Western Pennsylvania Guide to Good Health
Departments Health Links Calendar Archived Issues Media Kit Contact Us
  Senior Care Senior Living Camps & Activities for Special Needs Children Ask the Expert  
  Article    
 

Concussions Among Children: What You Need to Know
By Daniel Casciato


Most head injuries, such as concussions, are mild allowing you to make a complete recovery. However, if your child suffers a concussion, this poses a serious and complicated health risk.

“If your child sustains a concussion it’s important that the child is removed from their athletic activity immediately,” says Dr. Erin Shaffer, a family medicine practitioner with Washington Health System Lakeside Primary Care.  

An athlete should not continue to play in practice or a game if they had an injury to their head causing symptoms of a concussion. This also applies to children in gym class or recess, she adds.

“A second hit to the head during the initial injury of the concussion can be potentially life threatening,” Dr. Shaffer says. “The parent should then seek medical care for their child within the first few days of injury.”

If your child loses consciousness after a head injury, don’t wait—they should be seen in the emergency room immediately.

Signs of a Concussion

Signs of a concussion varies for each person. Symptoms can start immediately; however, it may also be delayed minutes to hours after the trauma. Associated symptoms may include:

  • Headache
  • Confusion
  • Dizziness
  • Balance changes
  • Sensitivity to light and sound
  • Neck pain
  • Mood changes such as agitation or depression
  • Visual symptoms including blurred vision or double vision
  • Concentration issues
  • Abnormalities of the sleep cycle

Diagnosing a Concussion

Unfortunately, there are few objective tests to diagnose a concussion. Most concussions are diagnosed based on patient-reported symptoms and a thorough neurological exam performed by your healthcare provider.

“A CT scan of the brain may be performed in the initial stages of a head injury,” says Dr. Shaffer. “This is used to rule out a bleed surrounding the brain but doesn’t diagnose the concussion.”

Not everyone with a diagnosed concussion needs a CT scan. It’s a clinical decision made by the healthcare provider based on symptoms and exam. Neurocognitive testing can also be helpful to evaluate for a concussion.

“Concussion research continues to develop testing which will better help us diagnose a concussion,” she adds. “Currently, blood tests to help aid with the diagnosis of concussion are being researched.”

Treatment for Concussions

The treatment of concussions has changed drastically over the past few decades and currently there is no standard treatment.

“As physicians, we follow recommendations made by expert panels but incorporate the clinical picture of the patient in all decision making,” says Dr. Shaffer. “The most important treatment is removing a patient from the environment of injury. An example would be to remove a football player from practice or a game so they can be evaluated by their healthcare provider. A second impact too close to an initial concussion could be life threatening.”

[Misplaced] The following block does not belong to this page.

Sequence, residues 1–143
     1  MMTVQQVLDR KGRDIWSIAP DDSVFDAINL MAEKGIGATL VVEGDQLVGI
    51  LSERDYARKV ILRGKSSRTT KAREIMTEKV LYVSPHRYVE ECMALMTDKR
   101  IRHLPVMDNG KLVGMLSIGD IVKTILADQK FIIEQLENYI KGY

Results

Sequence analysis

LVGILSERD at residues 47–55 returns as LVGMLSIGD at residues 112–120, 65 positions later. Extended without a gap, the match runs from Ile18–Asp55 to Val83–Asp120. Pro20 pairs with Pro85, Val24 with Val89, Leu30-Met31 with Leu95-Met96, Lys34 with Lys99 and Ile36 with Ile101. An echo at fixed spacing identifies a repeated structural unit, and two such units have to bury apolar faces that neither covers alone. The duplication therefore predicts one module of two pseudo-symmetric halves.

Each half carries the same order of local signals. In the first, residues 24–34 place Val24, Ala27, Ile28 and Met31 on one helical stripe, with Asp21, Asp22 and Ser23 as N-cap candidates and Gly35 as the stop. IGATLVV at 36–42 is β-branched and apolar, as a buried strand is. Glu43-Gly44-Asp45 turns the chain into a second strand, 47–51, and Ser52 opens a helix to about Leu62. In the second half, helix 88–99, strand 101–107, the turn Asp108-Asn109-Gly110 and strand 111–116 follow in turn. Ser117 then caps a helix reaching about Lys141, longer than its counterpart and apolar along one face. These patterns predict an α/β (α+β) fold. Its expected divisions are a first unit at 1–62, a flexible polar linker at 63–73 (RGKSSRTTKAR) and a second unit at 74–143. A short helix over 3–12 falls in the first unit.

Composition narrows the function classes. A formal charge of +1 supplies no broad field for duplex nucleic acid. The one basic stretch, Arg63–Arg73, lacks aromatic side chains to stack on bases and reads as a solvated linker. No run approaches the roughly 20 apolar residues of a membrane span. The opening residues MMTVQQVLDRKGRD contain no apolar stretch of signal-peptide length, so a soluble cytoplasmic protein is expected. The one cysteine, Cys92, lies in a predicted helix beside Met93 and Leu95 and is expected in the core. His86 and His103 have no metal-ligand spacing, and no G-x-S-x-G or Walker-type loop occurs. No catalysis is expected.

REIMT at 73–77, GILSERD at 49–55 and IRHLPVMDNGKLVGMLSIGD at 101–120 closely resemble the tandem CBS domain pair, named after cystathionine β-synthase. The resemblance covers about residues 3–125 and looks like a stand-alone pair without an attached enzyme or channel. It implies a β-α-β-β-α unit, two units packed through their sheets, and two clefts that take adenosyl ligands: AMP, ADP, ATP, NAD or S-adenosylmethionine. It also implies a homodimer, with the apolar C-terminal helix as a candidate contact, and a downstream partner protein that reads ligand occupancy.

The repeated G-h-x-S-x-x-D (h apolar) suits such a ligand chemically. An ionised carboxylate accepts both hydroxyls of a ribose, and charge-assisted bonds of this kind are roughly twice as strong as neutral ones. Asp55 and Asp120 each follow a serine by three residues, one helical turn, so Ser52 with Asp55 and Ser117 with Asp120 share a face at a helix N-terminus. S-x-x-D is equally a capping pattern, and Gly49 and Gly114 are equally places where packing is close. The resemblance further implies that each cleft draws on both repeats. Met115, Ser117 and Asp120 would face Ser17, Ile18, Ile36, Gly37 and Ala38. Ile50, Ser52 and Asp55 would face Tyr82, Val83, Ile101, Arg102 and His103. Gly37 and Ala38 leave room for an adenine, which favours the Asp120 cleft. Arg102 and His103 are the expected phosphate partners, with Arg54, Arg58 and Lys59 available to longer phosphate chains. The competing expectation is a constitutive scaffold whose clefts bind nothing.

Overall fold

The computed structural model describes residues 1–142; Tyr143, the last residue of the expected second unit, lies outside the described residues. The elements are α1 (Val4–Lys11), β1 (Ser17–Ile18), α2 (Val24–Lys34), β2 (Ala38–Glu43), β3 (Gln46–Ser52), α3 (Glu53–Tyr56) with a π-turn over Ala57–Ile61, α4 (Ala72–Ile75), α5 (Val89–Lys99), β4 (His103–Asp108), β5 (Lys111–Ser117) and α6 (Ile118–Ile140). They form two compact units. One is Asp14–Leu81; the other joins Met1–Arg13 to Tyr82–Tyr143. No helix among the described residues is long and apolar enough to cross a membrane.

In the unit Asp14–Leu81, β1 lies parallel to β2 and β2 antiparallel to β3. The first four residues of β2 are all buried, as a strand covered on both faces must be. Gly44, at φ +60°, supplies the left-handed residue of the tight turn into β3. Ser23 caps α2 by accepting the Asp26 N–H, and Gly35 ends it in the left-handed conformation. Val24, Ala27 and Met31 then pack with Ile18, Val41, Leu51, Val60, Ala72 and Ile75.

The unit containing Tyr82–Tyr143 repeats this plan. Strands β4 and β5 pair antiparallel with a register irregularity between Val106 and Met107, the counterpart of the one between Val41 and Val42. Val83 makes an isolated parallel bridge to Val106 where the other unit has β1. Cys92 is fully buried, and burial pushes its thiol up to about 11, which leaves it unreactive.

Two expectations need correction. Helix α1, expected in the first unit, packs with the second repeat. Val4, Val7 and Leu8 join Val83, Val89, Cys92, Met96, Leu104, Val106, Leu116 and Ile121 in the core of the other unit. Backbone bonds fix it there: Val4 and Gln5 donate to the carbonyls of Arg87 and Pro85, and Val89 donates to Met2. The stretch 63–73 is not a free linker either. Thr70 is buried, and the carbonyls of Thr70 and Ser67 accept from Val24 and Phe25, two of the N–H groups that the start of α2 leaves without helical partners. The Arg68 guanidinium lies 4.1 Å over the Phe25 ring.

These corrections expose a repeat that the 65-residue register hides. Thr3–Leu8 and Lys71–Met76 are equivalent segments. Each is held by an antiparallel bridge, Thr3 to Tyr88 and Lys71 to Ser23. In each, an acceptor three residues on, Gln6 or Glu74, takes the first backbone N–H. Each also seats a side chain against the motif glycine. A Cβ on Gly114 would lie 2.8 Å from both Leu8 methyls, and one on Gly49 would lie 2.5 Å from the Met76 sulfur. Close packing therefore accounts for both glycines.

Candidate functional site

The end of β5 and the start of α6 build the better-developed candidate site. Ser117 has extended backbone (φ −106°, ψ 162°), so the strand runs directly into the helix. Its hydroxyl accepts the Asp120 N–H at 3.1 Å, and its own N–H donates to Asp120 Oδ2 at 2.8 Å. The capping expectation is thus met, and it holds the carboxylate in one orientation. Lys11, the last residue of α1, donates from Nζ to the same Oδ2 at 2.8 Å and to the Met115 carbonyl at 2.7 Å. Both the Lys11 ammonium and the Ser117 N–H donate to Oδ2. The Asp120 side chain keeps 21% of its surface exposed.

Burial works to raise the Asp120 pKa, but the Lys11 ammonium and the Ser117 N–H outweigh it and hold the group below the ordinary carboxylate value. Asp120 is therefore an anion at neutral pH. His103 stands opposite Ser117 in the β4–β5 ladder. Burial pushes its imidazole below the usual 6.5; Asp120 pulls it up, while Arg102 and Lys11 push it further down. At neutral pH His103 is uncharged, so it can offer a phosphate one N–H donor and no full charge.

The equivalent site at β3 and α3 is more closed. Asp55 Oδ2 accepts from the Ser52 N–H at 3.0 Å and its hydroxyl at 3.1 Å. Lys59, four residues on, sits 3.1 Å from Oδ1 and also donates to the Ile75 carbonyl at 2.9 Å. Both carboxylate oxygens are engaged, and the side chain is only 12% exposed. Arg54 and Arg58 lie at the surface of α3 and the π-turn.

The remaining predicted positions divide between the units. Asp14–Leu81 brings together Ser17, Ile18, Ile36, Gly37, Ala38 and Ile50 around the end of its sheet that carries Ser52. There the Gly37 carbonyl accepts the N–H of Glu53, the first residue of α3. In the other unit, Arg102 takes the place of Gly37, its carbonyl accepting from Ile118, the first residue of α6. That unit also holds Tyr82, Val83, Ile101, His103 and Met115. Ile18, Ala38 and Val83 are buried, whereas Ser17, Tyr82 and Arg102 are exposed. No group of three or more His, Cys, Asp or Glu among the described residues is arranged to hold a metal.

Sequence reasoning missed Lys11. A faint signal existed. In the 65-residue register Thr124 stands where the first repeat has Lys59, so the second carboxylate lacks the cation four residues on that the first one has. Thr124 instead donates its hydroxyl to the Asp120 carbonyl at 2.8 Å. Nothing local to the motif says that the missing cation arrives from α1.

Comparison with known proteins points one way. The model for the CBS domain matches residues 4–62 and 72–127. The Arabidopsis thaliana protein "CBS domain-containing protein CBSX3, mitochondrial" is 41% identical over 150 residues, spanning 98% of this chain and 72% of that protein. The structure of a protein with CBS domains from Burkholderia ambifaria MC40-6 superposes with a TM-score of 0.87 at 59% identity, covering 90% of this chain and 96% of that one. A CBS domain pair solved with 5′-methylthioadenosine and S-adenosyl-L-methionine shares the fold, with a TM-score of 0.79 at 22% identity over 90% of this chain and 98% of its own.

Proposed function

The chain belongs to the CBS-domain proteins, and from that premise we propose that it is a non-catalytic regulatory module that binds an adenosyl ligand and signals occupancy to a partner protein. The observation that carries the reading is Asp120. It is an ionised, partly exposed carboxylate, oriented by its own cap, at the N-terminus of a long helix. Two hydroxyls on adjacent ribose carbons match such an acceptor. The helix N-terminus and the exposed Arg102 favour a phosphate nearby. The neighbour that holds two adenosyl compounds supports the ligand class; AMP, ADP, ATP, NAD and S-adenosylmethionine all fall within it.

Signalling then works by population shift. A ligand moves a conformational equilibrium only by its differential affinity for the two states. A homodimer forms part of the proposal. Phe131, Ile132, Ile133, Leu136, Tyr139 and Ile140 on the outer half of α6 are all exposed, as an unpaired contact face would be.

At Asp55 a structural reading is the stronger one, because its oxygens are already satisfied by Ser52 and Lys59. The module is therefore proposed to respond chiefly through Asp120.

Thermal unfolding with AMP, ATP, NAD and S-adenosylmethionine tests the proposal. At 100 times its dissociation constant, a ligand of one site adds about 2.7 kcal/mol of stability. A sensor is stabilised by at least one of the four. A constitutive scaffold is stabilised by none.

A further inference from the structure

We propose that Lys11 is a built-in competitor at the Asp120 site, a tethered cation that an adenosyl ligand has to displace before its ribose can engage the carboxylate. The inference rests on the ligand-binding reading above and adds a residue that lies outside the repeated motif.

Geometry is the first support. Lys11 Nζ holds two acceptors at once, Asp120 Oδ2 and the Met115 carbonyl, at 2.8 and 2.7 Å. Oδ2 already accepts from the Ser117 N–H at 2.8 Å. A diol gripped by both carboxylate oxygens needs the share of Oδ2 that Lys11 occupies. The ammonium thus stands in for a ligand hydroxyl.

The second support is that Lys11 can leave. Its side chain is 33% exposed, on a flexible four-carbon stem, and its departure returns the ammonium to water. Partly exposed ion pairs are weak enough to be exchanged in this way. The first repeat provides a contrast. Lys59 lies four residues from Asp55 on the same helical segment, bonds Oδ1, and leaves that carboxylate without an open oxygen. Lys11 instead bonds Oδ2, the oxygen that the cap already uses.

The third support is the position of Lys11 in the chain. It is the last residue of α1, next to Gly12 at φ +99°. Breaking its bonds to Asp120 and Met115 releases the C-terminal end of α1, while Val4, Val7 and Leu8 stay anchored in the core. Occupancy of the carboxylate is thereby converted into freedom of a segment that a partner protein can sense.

It’s recommended the patient initially rest after being diagnosed with a concussion. The timeframe someone should rest has not been well defined. The time someone has complete physical and cognitive rest has decreased over the years, notes Dr. Shaffer.

“The injured individual should rest physically as well as cognitively for example decreased electronics such as watching TV, playing video games, computer and cell phone usage until symptoms are minimal,” Dr. Shaffer says. “A concussion may affect school or work and accommodations may be made by your healthcare provider.”

At Washington Health System Lakeside Primary Care, they offer neurocognitive testing which can be used to aid in diagnosis and recovery from a concussion.

“Personally, I did an additional year of training in sports medicine which does involve the diagnosis and treatment of concussions,” Dr. Shaffer explains.

The best way to protect your child from obtaining a concussion is making sure they’re practicing proper technique in their sport. Unfortunately, concussions are impossible to prevent completely.

“The intention of the helmet in sports is to decrease the incidence of skull and facial fractures but unfortunately do not protect our children from concussions,” says Dr. Shaffer.

For more information, visit www.whs.org



Current Issue of Western Pennsylvania Guide to Good Health AdvertiseSubscribe for FREE 2016 Annual Healthcare Guide Download a PDF version
Subscribe to GTGH

Focus

Painting With A Twist

Doterra

Legacy Medical Centers

WR Cameron Wellness Center

Medicare Specialists of Pittsburgh

Blind and Rehabilitation Services of Pittsburgh

Western Pennsylvania School for Blind Children

New Story

East End Food Coop

Reserve This Space | Call 412-835-5796 or email goodhealthmag@aol.com


Western Pennsylvania Guide to Good Health. All rights reserved.


Send email to goodhealthmag@aol.com